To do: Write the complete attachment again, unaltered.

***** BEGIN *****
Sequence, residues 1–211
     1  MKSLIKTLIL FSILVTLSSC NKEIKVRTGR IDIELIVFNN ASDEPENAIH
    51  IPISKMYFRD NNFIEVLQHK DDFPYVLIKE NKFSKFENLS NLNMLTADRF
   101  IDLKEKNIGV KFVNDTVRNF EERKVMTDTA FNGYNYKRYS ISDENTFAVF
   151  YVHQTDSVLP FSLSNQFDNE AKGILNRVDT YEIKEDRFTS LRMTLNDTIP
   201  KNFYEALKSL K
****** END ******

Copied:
Sequence, residues 1–211
     1  MKSLIKTLIL FSILVTLSSC NKEIKVRTGR IDIELIVFNN ASDEPENAIH
    51  IPISKMYFRD NNFIEVLQHK DDFPYVLIKE NKFSKFENLS NLNMLTADRF
   101  IDLKEKNIGV KFVNDTVRNF EERKVMTDTA FNGYNYKRYS ISDENTFAVF
   151  YVHQTDSVLP FSLSNQFDNE AKGILNRVDT YEIKEDRFTS LRMTLNDTIP
   201  KNFYEALKSL K